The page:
In 2016, catcher Sandy Leon was a surprising contributor to the Red Sox, batting .310/.369/.476 after posting a .184/.238/.202 line in 128 at-bats in 2015. Boston expected Christian Vazquez or Ryan Hanigan or Blake Swihart to handle the pitching staff from behind the plate, but ineffectiveness and injury derailed those best-laid plans. Leon’s emergence, and unexpected contribution, was a major reason the Red Sox were able to capture the AL East crown this season. However, his minor league track record and September swoon don’t suggest that he is a future star – just a guy who got hot for a few months and rode it for all it was worth. It is highly unlikely that Leon reprises his 2016 performance. It is far more probable that Swihart returns from injury to seize the job, or that the defensive skills of Vazquez win the starting gig in spring training.
Meanwhile third base was a complete mess for the Sox in 2016. Travis Shaw, Aaron Hill, Brock Holt, and Pablo Sandoval were all given cracks at the job, and all failed in some way. First, Sandoval – owner of a five-year, $95 million contract signed two seasons ago – showed up to spring training having eaten himself out of baseball shape. Being in no condition to play baseball, he promptly injured himself, was sent to the disabled list for reconstructive shoulder surgery, and missed the entire season (okay, fine, he made seven plate appearances in April). His contract – as well as the fact that no team in its right mind would take him in a trade coming off a terrible 2015, an injured 2016, and being owed $58 million over the next three seasons – means he’ll most likely be a member of the Red Sox in 2017 in some capacity.
Shaw held down third base for most of the season, but the unheralded 26-year-old lost his job as the dog days of summer wore on. His defense is subpar for the position, and while he can play first base more competently, his batting line of .242/.306/.421 would be far below average at either corner position. With several years of club control remaining, it is highly likely that Shaw transitions into a bench role for the 2017 Red Sox playing both infield corners and some left field when one of the regulars needs a day off.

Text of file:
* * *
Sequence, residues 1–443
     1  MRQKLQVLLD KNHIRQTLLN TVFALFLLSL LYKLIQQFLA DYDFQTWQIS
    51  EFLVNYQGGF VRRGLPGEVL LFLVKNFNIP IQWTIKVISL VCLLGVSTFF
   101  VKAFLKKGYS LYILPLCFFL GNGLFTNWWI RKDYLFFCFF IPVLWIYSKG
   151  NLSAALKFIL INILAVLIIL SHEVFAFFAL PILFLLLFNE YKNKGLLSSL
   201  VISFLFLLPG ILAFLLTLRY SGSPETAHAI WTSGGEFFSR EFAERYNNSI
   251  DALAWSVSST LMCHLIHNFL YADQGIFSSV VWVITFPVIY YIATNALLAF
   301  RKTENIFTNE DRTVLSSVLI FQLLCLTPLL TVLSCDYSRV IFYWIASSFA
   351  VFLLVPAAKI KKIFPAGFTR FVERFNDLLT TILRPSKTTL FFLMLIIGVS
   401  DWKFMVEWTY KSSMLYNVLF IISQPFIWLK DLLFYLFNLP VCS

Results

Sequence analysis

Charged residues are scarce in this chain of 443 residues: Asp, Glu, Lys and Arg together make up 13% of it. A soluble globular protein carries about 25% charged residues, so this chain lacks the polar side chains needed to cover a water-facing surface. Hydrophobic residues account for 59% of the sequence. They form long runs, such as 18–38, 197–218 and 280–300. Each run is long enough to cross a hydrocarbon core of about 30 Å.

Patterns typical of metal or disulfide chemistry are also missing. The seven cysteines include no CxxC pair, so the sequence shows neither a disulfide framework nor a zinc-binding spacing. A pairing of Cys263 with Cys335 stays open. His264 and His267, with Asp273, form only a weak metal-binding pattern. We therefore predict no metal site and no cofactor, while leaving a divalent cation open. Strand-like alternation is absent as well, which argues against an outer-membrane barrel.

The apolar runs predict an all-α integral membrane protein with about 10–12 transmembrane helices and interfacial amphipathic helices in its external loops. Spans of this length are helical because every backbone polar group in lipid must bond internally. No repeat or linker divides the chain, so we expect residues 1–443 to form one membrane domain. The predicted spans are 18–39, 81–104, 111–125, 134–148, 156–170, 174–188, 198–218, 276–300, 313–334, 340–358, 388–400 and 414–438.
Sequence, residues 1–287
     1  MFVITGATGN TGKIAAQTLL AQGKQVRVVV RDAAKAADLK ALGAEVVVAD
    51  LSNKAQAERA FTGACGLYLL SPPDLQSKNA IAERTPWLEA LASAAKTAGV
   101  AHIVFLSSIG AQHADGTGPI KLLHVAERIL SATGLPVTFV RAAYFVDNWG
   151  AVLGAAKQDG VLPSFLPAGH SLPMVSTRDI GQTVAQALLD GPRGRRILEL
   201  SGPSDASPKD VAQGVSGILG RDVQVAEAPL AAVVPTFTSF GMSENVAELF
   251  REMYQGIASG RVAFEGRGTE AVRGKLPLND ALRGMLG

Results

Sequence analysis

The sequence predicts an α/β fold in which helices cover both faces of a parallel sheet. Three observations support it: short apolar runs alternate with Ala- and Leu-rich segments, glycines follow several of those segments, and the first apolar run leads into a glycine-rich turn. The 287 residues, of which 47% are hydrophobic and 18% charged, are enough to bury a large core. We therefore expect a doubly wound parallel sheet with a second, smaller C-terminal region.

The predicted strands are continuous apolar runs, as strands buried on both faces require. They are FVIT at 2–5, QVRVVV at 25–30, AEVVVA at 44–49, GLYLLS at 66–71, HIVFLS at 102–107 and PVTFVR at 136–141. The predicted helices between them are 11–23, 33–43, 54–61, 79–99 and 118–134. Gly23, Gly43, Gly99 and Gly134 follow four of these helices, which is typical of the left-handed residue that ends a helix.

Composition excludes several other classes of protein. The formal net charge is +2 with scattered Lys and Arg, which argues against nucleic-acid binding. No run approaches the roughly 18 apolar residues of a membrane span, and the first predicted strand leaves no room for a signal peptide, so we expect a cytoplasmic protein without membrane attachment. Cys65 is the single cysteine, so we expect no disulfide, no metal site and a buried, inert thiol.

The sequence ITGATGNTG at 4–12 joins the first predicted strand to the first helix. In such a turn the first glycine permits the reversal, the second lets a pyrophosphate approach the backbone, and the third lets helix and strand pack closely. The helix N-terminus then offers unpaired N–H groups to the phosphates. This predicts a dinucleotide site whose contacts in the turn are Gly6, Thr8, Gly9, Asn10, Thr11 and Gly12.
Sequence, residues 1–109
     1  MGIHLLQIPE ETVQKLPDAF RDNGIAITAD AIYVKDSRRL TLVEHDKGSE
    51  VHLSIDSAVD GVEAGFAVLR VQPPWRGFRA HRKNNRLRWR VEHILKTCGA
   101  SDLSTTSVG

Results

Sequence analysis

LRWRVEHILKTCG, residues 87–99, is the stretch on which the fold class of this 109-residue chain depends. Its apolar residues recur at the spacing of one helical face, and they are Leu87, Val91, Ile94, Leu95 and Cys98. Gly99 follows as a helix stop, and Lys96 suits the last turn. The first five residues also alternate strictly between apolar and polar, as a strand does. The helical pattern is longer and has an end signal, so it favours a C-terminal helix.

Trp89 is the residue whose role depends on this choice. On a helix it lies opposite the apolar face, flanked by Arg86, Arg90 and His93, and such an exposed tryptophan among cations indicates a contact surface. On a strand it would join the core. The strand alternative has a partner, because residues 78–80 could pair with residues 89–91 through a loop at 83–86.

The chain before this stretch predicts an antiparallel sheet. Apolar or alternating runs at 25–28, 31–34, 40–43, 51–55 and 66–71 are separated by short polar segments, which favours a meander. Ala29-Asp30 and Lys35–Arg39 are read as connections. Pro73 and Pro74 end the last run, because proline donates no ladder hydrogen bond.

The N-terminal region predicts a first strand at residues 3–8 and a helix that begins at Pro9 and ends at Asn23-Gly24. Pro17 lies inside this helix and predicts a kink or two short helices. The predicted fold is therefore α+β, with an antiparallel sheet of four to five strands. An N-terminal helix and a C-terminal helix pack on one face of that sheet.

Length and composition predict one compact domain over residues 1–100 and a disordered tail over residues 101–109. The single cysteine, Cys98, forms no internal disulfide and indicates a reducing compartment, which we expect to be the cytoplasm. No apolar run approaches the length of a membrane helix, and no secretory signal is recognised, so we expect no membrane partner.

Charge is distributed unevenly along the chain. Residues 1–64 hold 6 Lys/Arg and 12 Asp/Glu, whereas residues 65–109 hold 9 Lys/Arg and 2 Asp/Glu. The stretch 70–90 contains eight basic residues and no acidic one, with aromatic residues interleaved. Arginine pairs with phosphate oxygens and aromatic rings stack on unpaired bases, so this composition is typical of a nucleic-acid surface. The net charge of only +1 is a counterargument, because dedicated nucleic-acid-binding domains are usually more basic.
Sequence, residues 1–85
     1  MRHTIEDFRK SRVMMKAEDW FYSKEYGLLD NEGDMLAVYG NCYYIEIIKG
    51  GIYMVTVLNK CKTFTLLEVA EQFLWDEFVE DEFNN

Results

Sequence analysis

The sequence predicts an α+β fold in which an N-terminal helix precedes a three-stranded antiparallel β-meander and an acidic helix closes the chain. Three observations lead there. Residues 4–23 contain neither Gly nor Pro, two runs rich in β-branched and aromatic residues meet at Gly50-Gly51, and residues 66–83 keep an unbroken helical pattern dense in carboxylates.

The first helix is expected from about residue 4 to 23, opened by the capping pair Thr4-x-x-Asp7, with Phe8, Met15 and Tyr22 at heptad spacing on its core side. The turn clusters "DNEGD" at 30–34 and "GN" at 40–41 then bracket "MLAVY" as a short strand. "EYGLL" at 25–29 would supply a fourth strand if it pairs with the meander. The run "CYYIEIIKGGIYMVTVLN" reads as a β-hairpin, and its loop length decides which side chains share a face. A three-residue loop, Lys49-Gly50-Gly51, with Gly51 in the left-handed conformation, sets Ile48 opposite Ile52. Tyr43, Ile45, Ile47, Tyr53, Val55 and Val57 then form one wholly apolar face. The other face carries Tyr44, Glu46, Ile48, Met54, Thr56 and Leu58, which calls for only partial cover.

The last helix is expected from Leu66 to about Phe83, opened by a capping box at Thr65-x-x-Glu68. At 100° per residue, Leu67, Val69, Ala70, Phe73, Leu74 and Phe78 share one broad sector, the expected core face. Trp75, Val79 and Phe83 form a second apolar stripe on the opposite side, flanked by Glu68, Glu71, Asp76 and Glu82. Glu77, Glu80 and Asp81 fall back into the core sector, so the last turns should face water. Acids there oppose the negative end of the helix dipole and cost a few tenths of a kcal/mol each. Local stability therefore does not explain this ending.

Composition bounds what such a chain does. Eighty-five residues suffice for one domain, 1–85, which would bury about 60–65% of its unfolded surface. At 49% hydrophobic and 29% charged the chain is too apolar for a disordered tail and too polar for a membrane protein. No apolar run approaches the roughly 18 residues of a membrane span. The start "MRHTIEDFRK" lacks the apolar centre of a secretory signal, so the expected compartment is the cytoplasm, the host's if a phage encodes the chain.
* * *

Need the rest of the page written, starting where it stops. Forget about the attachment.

Brock Holt spent most of the 2016 season manning left field, but his true value is in his flexibility and versatility – as well as his general aura. The utility man can play anywhere for a night, and competently hold down backup duties everywhere but shortstop and catcher for a fortnight. He will be another key bench contributor to the team next season.
Finally, the biggest issue for the Red Sox offense to address in the offseason is the replacement of future Hall of Famer David Ortiz. Perhaps Team President Dave Dombrowski imports an aging slugger – such as Jose Bautista or Edwin Encarnacion – to take over the DH duties. Or perhaps Ramirez is shifted to the primary DH role, and a new first baseman is acquired. Or maybe the Sox decide Sandoval is a complete lost cause, bring in a new third baseman, and go with a rotating cast of characters at DH. This question will dominate offseason storylines for the team.
However they choose to address the position, the Sox are in an enviable state: They have all three outfield slots, as well as their double-play combination, locked down with productive and exceptional talents. Figuring out the corners, DH, and catcher from the pool of internal candidates, free agents, and possible trades, is all the Sox have to do headed into the hot stove season.